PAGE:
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Characteristics of Tai Chi
origins, meanings, lineage, analyses and exploration

A Question of Lineage

in 2005 I received an email from Don in the US, which got us all talking about the subject of tai chi lineage, and which you may find of interest:

What a great Web site you have. I am a martial artist in the USA....bagua, tai chi, kenpo. Your Yang style is very interesting, especially the diagonal movements in brush knee and parting wild horses mane sequences. Seems similar to Wu style in some ways... I was curious as to the tai chi lineage, does it come down from Yang Cheng fu, or another family member? Thanks, Don.

This brought up a whole melting pot, as to where the different styles come from, should any particular style be seen as 'the proper or original' style, where should a 'lineage' begin and end, and so on. so Gary has kindly provided a lineage chart, which I have reworked (below), and the reply:

I have been pondering this question from America for several days and discussed it with Gordon - who in turn has undertaken some deeper research. I have attached a 'family tree' of Tai Chi which does confirm that two sons (hou and pu [or 'fu'] ) are indeed credited as influential - and that particular 'line' of lineage does lead to Cheng Man-ching. However, 'our' position in this lineage can be no other than 'following' all of those venerable masters - whoever they were, and whatever name they used. The asker of the question deserves an answer and I would like give one, if only so that I might restate our (my?) most important and fundamental philosophical approach to the form which is "Nothing added - Nothing taken away".

It does also occur to me that any current lineage might include 'westerners'. This is another important facet of 'our' form for I believe that it is HERE & NOW. Therefore 'our' lineage would include Sensei Ray, his teacher George Mayo and his Budoka 'brothers' Kenshiro Abbey (Karate) and Ushiba (Aikido). I would say that these have all had a fundamental influence on my own practice - as also have Park Bok Nam (Pu Kua Chang) and Dr. Yang Jwing-Ming. Regarding the latter - the close rage Chuan applications of Dr. Yang suit my stature and I would asume that his Sholin White Crane Kung Fu as taught by the Doctor (via books) has found its way into my own form. To this end I would suggest that my own study of the I Ching and the 'energy of spaces/directions' has also had a profound effect on my execution of the form.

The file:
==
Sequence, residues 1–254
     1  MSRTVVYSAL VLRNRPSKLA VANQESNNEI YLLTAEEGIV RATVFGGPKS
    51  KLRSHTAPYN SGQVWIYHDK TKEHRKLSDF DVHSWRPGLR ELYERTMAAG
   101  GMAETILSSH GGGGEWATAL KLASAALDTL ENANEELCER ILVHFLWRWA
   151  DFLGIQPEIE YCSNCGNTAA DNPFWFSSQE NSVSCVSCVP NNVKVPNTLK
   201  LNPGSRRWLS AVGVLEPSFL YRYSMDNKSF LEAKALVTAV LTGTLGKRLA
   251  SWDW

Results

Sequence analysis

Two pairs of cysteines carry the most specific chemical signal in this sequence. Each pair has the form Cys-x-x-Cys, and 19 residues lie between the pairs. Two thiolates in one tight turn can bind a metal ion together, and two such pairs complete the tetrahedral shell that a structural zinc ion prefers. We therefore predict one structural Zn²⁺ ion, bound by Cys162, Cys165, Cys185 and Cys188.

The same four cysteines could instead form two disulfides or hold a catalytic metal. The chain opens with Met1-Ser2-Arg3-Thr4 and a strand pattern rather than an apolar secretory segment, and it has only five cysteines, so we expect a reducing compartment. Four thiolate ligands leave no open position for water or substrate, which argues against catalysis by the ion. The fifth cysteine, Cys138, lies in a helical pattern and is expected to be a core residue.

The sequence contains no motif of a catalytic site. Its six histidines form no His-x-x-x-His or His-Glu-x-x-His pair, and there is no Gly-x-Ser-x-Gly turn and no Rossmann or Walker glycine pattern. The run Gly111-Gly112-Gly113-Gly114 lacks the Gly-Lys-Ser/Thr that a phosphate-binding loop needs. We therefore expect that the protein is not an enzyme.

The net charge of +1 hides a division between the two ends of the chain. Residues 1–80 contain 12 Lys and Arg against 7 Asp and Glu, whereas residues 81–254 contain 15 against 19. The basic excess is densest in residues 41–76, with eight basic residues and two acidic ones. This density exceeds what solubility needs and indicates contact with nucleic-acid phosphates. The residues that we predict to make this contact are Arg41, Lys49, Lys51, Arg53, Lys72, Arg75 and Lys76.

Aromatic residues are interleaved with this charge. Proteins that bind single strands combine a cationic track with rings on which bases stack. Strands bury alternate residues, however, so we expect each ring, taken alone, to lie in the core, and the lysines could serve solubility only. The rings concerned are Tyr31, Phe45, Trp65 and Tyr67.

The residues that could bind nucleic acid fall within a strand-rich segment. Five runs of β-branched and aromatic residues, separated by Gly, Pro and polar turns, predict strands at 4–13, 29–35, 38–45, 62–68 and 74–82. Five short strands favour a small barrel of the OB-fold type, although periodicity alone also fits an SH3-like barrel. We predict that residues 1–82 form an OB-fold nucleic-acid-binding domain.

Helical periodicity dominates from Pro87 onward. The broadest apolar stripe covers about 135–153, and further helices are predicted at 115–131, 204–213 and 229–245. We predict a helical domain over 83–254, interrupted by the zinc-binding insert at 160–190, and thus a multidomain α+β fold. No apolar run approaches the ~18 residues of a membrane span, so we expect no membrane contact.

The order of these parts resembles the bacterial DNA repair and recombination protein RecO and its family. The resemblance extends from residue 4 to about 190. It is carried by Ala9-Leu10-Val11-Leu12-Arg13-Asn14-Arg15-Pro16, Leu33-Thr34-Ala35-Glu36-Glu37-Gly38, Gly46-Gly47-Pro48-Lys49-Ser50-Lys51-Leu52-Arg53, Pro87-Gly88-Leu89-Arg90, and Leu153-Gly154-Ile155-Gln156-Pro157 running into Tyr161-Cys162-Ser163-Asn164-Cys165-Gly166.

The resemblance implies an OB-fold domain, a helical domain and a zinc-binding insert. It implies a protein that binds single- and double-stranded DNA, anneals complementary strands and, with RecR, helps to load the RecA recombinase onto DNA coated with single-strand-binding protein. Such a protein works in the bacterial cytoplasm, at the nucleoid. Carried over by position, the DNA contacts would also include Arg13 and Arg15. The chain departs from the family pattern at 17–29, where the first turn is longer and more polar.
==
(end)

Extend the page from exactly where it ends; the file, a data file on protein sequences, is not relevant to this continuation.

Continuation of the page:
family tree

Gordon, who specialises in chi kung and in particulat yijinjin, also made an interesting comment:

Thank you for your comment on our site, and your enquire on the Yang style on our site that is performed by doshi diachi . I am one of the countless students of taichi as are you.I have learnt the yang form from my teacher sensei Ray wood., Daichi , and many friends. They all have practiced the form in different depths, but it has become organic to each individual person My encounter with the Yang form has been with them as well as the information I have picked up from articles and pictures from authors on and about Cheng Man-ching. The four directions can be found within most commentaries on the long form. Your inquire will further my practice and inquiring mind.

There you have it. A little dicussion not only on tai chi lineage but also on the concept of lineage. My own view is that with any practice that has a history, there is a heritage that even though should not be used as a backbone, should be contemplated with respect and thought. Tai chi is in itself highly organic, it changes and evolves not only historically through family clan to family clan, but also with the individual, through their own expression and interpretation. I practise the Long Yang form is a relatively restricted area, and so have adapted my movements to take this in. My interpretation differs in small but significant ways from the pages that you see in the guides on this website, and yet I am not only not doing the form 'wrongly', but am also in my own small and tiny way adding to rich heritage that tai chi is blessed with. I also agree with Gary that since tai chi has taken off in the West in such a remarkable way over the last fifty years, the lineage should expand and encompass that, too.

see also: Origins of Tai Chi

 

 

 
any practice that has a history, there is a heritage that even though should not be used as a backbone, should be contemplated with respect and thought. Tai chi is in itself highly organic, it changes and evolves not only historically through family clan to family clan, but also with the individual, through their own expression and interpretation.
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